Take the fat out of your fiesta with these south-of-the-border salads.
Joyride Taco House
5202 N. Central Ave., Phoenix, 602-274-8226;
302 N. Gilbert Rd., Gilbert, 480-632-8226, joyridetacohouse.com
Eat your way through our salute to Mexican cuisine (page 84), and somewhere near the halfway point – after countless tacos and tortas – your body will crave something less filling, less starchy. The good news: You don’t have to give up dynamic flavors to get a healthy infusion of greens and vegetables. Joyride’s ensalada fila ($10.50; pictured here) is a riff on the “original” chopped salad – the Cobb. Pretty rows of crisp jicama, orange segments, cherry tomatoes, avocado, fresh corn and crunchy dried peas sit atop chopped kale and creamed pintos. It’s a marvelous mix of textures tied together with a dreamy quince dressing. Filling without being heavy, consider it an earnest counterpoint to the almighty chimichanga.
Corned beef hash get upgraded at these Phoenix restaurants.
Corned beef hash – the humble diner mainstay born of leftovers – doesn’t have to be a greasy-spoon snooze fest. What if it’s made with purpose – and without corned beef? Consider the cowboy hash at Sierra Bonita Grill (pictured, $12, weekend brunch only). If the vibrant green salsa verde – made with tart tomatillos, buttery avocado, cilantro, jalapeños and other green goodies – doesn’t enliven your senses, the kicky, mouth-popping flavor of Schreiner’s spicy chorizo with roasted root vegetables will. Topped with two fried eggs, the final booyah is Schreiner’s linguiça – a firm, juicy sausage link with Portuguese roots.
Eggs be deviled deluxe at these Valley eateries.
10600 E. Crescent Moon Dr., Scottsdale, 480-513-5085, proofcanteen.com
Deviled eggs aren’t just trendy – they’re ubiquitous. You can’t throw a rock without hitting a restaurant dishing up the classic ‘70s church-social mainstay. Blame it on the comfort food renaissance, or the enduring charm of the humble egg. We gobbled more than a dozen versions to find three not-your-grandma’s deviled eggs, including a lobster-studded specimen at Proof Canteen (four halves for $11, pictured). Chef Jesse Hansen’s whole menu is a riff on American comfort food – elevated to a higher level, of course, since Proof is tucked into the ultra-luxe Four Seasons. “We take chunks of Maine lobster, add some Old Bay seasoning, some celery, some lemon and a dash of Tabasco,” he says. Decadent lobster salad spooned over impeccable egg whites? Mission accomplished.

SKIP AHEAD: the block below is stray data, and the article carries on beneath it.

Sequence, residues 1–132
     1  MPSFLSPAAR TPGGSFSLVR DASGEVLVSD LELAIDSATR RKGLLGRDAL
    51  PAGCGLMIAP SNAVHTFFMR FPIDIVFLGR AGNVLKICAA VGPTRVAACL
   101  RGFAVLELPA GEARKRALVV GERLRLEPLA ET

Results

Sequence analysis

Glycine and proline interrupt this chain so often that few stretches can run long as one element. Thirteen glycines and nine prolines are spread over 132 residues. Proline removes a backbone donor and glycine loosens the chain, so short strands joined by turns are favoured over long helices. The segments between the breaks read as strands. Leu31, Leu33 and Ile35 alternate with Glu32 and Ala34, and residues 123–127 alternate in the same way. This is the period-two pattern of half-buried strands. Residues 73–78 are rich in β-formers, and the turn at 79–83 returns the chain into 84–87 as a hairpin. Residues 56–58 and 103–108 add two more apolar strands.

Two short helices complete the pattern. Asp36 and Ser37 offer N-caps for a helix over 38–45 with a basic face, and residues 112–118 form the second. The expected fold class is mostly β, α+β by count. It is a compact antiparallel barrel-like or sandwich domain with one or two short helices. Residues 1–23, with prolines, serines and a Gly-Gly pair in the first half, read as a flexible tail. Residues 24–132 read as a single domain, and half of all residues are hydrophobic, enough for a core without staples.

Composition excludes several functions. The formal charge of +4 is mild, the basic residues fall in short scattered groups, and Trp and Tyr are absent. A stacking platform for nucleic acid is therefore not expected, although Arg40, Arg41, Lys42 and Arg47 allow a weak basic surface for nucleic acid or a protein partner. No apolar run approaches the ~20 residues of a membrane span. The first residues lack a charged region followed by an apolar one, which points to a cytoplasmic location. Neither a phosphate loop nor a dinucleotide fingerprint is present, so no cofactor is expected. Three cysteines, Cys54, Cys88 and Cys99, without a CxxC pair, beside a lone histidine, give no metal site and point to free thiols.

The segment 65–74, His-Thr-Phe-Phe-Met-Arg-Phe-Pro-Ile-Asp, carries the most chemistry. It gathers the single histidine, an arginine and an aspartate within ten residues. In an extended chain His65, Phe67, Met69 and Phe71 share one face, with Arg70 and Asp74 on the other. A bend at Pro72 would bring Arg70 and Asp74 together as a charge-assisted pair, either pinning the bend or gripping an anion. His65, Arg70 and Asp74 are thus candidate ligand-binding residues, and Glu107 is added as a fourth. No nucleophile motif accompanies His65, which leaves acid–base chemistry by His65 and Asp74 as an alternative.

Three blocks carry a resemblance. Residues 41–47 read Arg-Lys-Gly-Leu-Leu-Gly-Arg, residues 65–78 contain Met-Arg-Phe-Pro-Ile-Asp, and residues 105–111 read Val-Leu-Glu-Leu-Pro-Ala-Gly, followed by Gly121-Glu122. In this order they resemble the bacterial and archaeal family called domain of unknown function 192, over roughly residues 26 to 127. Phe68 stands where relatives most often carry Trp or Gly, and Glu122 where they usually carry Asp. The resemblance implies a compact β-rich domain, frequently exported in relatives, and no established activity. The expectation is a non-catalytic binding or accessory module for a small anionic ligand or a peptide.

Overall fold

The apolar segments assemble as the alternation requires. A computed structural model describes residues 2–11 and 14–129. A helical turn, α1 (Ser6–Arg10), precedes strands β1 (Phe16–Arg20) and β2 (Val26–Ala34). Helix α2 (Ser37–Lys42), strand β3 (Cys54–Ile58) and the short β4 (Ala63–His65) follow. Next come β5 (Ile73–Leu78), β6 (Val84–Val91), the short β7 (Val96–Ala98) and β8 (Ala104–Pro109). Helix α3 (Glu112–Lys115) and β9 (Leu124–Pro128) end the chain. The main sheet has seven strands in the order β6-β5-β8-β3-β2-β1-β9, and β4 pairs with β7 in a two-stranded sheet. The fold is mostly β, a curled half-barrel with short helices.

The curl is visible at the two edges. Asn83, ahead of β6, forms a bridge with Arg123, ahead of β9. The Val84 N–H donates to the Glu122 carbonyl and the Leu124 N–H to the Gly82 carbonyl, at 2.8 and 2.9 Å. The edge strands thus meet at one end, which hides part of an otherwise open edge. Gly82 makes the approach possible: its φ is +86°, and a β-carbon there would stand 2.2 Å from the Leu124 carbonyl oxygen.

Outlawed in California, decadent foie gras finds an enthusiastic welcome in Valley kitchens.
5532 N. Palo Cristi Rd., Paradise Valley, 602-955-7878, hermosainn.com/lons
Happily, foie gras prohibition is one California craze that hasn’t yet migrated east. Supremely rich and buttery, as if a filet mignon and a stick of butter had a baby, the fattened goose liver is a traditional favorite of upscale diners. Chefs can prepare the scandalous lobe in any number of ways, but frequently choose sweet and acidic accompaniments to counter the hauntingly rich fat. James Ducas, Executive Chef of the Southwestern-inspired Lon’s at the Hermosa Inn, is currently pairing a deeply seared slab of Hudson Valley foie gras with a savory cocoa-and-masa tamal, spiced with ancho chile and cumin (pictured, $18). A Mexican chocolate-tinged balsamic syrup reduction provides a balanced counterpoint. Ducas’ interpretation is all at once earthy, spicy, buttery, sweet and tangy – and plenty naughty.
Take the fish out of the equation with these vegetarian sushi rolls.
7277 E. Camelback Rd., Scottsdale,
It’s time for the swimmers to stop bogarting all the love. Sure, glistening ruby red bigeye tuna is ultra sexy, but haven’t you heard? Vegetables are in – and seductive in their own dirt-candy kind of way. Any sushi restaurant worth its sea salt offers a standard vegetable roll, but these three restaurants dig a little deeper. Take the Garden Roll ($11, pictured) at Sushi Roku. Executive chef Miles Newcomer starts with nori, the familiar edible seaweed, but not just any nori – this version has been dried for three months for a deeper vegetal flavor. It’s basically the gold standard of seaweed. Even the rice is deluxe, flavored not with typical rice wine vinegar, but the reddish akazu vinegar, a byproduct of sake production. Fresh grated wasabi, blanched asparagus and peppery mizuna fill out the roll, which is served with a ginger soy dipping sauce and garnished with hand-cut spiraled cucumber and a tangle of fried potato strings.